spend a billion dollars of our money over there, you are sadly

In a way he never anticipated, Mr. Rumsfeld turned out to be
correct: before that year was out, the United States had appropriated
more than $20 billion for the reconstruction, which would indeed
involve projects across the entire country.

Mr. Rumsfeld declined to comment on the history, but a spokesman,
Keith Urbahn, said that quotes attributed to Mr. Rumsfeld in the
document "appear to be accurate." Mr. Powell also declined to comment.

The secondary effects of the invasion and its aftermath were among
the most important factors that radically changed the outlook. Tables
in the history show that measures of things like the national
production of electricity and oil, public access to potable water,
mobile and landline telephone service and the presence of Iraqi
security forces all plummeted by at least 70 percent, and in some cases
all the way to zero, in the weeks after the invasion.

Subsequent tables in the history give a fast-forward view of what
happened as the avalanche of money tumbled into Iraq over the next five

Dashed Expectations

By the time a sovereign Iraqi government took over from the
Americans in June 2004, none of those services - with a single
exception, mobile phones - had returned to prewar levels.

And by the time of the security improvements in 2007 and 2008,
electricity output had, at best, a precarious 10 percent lead on its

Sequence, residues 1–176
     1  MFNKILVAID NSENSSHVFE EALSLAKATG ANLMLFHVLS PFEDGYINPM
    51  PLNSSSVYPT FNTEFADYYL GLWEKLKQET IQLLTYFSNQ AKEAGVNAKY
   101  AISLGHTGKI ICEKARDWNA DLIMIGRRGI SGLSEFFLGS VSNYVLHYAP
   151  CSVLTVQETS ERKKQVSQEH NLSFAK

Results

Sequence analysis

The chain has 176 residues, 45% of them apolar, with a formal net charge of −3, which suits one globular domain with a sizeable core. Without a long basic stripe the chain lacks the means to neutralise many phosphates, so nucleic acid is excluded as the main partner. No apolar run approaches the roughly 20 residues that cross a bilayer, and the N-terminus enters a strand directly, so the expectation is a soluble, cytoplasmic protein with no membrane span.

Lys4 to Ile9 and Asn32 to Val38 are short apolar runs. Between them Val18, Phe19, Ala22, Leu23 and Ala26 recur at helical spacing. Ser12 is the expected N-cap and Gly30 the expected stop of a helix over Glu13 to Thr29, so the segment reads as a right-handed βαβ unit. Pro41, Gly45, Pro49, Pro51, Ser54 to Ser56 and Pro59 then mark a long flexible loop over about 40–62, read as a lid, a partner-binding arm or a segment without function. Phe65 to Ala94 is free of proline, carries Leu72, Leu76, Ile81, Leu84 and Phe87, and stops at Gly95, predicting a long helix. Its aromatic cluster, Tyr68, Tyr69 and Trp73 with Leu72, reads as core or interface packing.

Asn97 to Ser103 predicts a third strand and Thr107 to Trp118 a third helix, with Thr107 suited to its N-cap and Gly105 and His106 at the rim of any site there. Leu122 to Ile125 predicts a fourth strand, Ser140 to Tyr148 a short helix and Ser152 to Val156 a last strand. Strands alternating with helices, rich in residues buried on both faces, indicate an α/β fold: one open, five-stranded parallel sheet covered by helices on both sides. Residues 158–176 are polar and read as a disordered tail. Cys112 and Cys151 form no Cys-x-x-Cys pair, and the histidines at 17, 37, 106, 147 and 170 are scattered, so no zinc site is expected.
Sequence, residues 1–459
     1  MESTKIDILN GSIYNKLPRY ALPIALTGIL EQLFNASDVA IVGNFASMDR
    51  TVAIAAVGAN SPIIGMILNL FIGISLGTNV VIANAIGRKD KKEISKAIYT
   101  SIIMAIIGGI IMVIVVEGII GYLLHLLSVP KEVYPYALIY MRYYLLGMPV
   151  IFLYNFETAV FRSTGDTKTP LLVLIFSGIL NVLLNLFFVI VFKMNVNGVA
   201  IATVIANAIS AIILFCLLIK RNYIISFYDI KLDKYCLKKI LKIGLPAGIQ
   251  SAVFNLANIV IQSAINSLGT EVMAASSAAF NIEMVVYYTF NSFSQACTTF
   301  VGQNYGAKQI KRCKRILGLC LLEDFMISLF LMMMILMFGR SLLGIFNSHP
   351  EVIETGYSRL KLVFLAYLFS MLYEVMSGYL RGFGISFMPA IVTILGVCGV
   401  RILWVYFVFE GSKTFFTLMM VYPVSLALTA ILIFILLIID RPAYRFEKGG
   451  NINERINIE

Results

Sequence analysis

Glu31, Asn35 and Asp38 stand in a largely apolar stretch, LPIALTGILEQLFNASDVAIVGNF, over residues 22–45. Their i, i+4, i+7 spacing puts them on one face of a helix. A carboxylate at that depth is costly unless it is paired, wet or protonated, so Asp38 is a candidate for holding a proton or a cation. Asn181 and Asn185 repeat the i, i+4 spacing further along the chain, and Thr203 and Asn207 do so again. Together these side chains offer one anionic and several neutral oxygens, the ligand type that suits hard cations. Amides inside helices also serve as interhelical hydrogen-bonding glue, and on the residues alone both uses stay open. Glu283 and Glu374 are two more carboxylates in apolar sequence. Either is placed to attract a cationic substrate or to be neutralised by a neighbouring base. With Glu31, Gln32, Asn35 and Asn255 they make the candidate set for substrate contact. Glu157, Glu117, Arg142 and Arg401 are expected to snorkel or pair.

levels under Saddam Hussein;
oil production was still below prewar levels; and access to potable
water had increased by about 30 percent, although with Iraq's ruined
piping system it was unclear how much reached people's homes

Whether the rebuilding effort could have succeeded in a less
violent setting will never be known. In April 2004, thousands of the
Iraqi security forces that had been oversold by the Pentagon were
overrun, abruptly mutinied or simply abandoned their posts as the
insurgency broke out, sending Iraq down a violent path from which it
has never completely recovered.

At the end of his narrative, Mr. Bowen chooses a line from "Great
Expectations" by Dickens as the epitaph of the American-led attempt to
rebuild Iraq: "We spent as much money as we could, and got as little
for it as people could make up their minds to give us."